Kalispell,
03
April
2018
|
15:00 PM
America/Denver

Finding a new normal

World Hemophilia Day

Story by Laura Poitra, office manager, Montana Perinatal Center
Submitted by Debra Guinn, MD, maternal-fetal specialist, Montana Perinatal Center

As the office manager at Montana Perinatal Center, I see many women and families who endure a variety of challenging situations. Sometimes families learn that the pregnancy is not going the way they had hoped or, in more extreme cases, that their child will be delivered with complications or other unanticipated conditions. These are not scenarios where any mother-to-be hopes to find herself. As a mom, I know firsthand what it feels like to recalibrate the hopes and expectations you have for your new child. It can be heartbreaking, frightening and sad to receive such news. However, I also know that challenges can be overcome when a team of caring, nurturing and highly skilled medical professionals leads you on the path to a new normal.

My son, Oliver, was born with a genetic bleeding disorder called hemophilia A. Hemophilia A is a bleeding disorder that affects 1 in 5,000 male births in the United States. A typical human body uses a variety of clotting factors, platelets and plasma to stop excess bleeding and promote healing when an injury or cut occurs. For a person with hemophilia A, these clotting factors don’t do their job. That means a minor bump or scrape can be like an open water faucet that just keeps leaking blood. This lack of clotting can put hemophiliacs at great risk of losing too much blood from seemingly insignificant injuries. For my son, Oliver, his case is considered severe because his body makes almost no factor VIII, a critical clotting protein.

As you can imagine, to receive the news that your child has been diagnosed with such a rare and potentially life-threatening disease is devastating. What will his life be like? Will he have to live in a bubble? Is there treatment? Is there a cure? What kinds of changes will we need to make in our lives to optimize his health and well-being? These are just a few of the questions I asked myself as I struggled with the news.

Fortunately, I had caring and compassionate medical providers who offered me excellent education, advice and counseling. I learned how to monitor and perform Oliver’s treatments and actively sought out educational opportunities about the disease. Today, Oliver’s hemophilia is not only manageable, but it feels routine. I can also rest easy knowing that, with treatment, the current life expectancy of children with hemophilia A is as average as other youngsters. Oliver can expect to live a mostly normal life.

The words “routine,” “average” and “normal” never sounded so exceptional to a mother’s ears.

While it certainly didn’t feel like life was normal in those early hours, days and months following his diagnosis, I have learned so much from this experience and from my son. I am better at accepting change and looking at challenges as learning opportunities. Oliver showed me that we can tackle the unexpected together.

Due to appropriate care and ongoing treatment, Oliver is a happy, healthy and very active 7-year-old boy. He loves to ride his skateboard, dance, play basketball, hop on his bike, go swimming, play video games and, in general, be a wild and crazy little boy. Because hemophilia has no cure, he will live with this disease for the rest of his life. But with the help of research, treatment and perseverance, we have created a new normal and it’s pretty great!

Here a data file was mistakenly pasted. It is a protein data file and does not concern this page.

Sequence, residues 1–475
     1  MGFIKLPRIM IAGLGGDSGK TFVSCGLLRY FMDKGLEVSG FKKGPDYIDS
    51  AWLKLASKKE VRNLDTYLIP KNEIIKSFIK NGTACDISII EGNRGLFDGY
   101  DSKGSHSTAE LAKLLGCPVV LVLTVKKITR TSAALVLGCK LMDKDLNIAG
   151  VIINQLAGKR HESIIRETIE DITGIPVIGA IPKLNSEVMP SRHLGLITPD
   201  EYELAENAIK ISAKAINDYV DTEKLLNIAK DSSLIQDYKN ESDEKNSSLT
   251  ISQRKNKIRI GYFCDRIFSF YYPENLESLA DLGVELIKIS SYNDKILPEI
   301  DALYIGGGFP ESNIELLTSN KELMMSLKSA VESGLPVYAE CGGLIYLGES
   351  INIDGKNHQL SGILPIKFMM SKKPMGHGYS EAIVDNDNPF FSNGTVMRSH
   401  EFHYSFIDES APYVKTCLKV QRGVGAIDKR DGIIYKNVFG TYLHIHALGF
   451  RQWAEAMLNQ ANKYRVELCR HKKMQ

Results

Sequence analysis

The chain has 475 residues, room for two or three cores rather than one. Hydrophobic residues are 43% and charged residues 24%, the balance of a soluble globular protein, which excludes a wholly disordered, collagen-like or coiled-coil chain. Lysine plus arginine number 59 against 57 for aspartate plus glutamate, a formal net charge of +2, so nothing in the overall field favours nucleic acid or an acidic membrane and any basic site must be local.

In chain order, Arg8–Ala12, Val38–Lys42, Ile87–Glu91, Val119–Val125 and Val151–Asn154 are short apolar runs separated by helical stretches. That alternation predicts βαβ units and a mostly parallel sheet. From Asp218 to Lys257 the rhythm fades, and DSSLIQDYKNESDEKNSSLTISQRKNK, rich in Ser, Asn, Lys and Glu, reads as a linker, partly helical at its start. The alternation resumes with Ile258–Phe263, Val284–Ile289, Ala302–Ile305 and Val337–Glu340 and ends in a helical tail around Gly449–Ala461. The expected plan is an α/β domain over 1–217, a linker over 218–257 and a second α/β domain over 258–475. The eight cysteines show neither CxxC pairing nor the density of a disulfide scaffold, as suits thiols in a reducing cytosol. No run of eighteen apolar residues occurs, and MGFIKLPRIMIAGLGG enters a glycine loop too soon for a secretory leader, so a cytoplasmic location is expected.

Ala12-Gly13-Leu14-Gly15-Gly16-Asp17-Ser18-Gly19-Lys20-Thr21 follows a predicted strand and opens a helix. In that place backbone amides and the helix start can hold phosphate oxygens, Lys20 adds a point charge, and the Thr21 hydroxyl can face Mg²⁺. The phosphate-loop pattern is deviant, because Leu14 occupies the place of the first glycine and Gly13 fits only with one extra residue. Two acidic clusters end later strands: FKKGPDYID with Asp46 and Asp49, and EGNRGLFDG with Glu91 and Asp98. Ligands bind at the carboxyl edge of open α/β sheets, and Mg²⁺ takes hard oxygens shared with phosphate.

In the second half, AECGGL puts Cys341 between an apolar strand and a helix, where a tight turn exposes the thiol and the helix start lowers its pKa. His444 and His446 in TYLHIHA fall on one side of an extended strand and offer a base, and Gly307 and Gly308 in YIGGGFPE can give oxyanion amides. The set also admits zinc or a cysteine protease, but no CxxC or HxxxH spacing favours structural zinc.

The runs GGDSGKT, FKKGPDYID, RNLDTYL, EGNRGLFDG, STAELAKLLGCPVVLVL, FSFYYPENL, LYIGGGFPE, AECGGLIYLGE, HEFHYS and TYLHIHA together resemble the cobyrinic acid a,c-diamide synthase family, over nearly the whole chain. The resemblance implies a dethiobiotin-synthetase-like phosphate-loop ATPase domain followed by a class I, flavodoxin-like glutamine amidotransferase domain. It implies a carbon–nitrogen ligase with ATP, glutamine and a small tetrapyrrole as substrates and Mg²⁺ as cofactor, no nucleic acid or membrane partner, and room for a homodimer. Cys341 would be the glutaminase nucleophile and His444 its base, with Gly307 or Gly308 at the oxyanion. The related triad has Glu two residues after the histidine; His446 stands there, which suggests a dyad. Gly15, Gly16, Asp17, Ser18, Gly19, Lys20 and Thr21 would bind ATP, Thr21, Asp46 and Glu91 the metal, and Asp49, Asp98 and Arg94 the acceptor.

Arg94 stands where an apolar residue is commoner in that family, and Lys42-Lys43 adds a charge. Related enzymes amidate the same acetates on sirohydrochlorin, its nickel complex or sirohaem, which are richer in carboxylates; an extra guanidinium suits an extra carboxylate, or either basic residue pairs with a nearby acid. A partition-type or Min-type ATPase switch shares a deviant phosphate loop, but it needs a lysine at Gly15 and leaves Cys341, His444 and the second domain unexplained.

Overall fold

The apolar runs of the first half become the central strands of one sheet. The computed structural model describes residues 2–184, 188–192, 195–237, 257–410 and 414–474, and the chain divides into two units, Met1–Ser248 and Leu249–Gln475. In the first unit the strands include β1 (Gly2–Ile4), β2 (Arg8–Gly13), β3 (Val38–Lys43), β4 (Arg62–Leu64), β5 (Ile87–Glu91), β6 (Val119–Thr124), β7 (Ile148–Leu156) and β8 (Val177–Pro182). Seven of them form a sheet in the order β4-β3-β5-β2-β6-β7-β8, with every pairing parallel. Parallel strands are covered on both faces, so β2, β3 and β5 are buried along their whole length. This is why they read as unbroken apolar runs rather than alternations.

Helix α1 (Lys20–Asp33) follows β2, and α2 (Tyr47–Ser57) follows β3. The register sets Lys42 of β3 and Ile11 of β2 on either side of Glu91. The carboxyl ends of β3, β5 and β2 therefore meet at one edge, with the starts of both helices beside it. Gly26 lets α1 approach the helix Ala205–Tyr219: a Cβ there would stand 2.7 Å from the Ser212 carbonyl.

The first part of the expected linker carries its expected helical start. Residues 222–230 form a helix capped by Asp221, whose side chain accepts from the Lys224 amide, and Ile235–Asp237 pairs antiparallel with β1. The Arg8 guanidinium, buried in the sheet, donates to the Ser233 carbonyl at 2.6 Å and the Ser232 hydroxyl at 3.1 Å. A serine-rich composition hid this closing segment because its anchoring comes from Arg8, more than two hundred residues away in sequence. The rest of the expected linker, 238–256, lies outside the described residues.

Proper treatment and access are vital keys to thriving with this disease and I am lucky, indeed, to be able to provide this to my son. It’s also important to note that access to medical care and support is not readily available in most underdeveloped areas of the world. As a result, many children born with hemophilia A in these underserved areas don’t make it to adulthood.

World Hemophilia Day is April 17. In honor of this day, my son and all others living with or affected by a bleeding disorder, I am sharing my story. For me, it’s a day to educate and spread awareness about this disease. Living with hemophilia has placed some limits on our family, but it has taught us far more. We have learned to think creatively and be more open about what life tosses our way.

Pregnancy, birth and childhood are tough, albeit wonderful, moments of life without adding extra complications. But when faced with additional challenges, it is tremendously helpful to have the support, care and guidance of a team of specialists, educators and community members to carry you forward. I’m grateful for the opportunity to learn from my son, the amazing team at Montana Perinatal Center and the countless women I meet each day at the clinic. You all inspire me as you face a variety of challenges. Thank you, Oliver, for teaching me new ways to approach life and for showing me what is possible ̶ no matter the situation. Thank you, moms I meet at Montana Perinatal Center, for your never-ending desire to do right for your baby, and thank you to the amazing team at Montana Perinatal Center for providing the support and guidance each of these women and families need to tackle their own challenges and move forward. I am privileged and honored to be a cheerleader on your team as you take life on!

First published in Montana Woman magazine, April 2018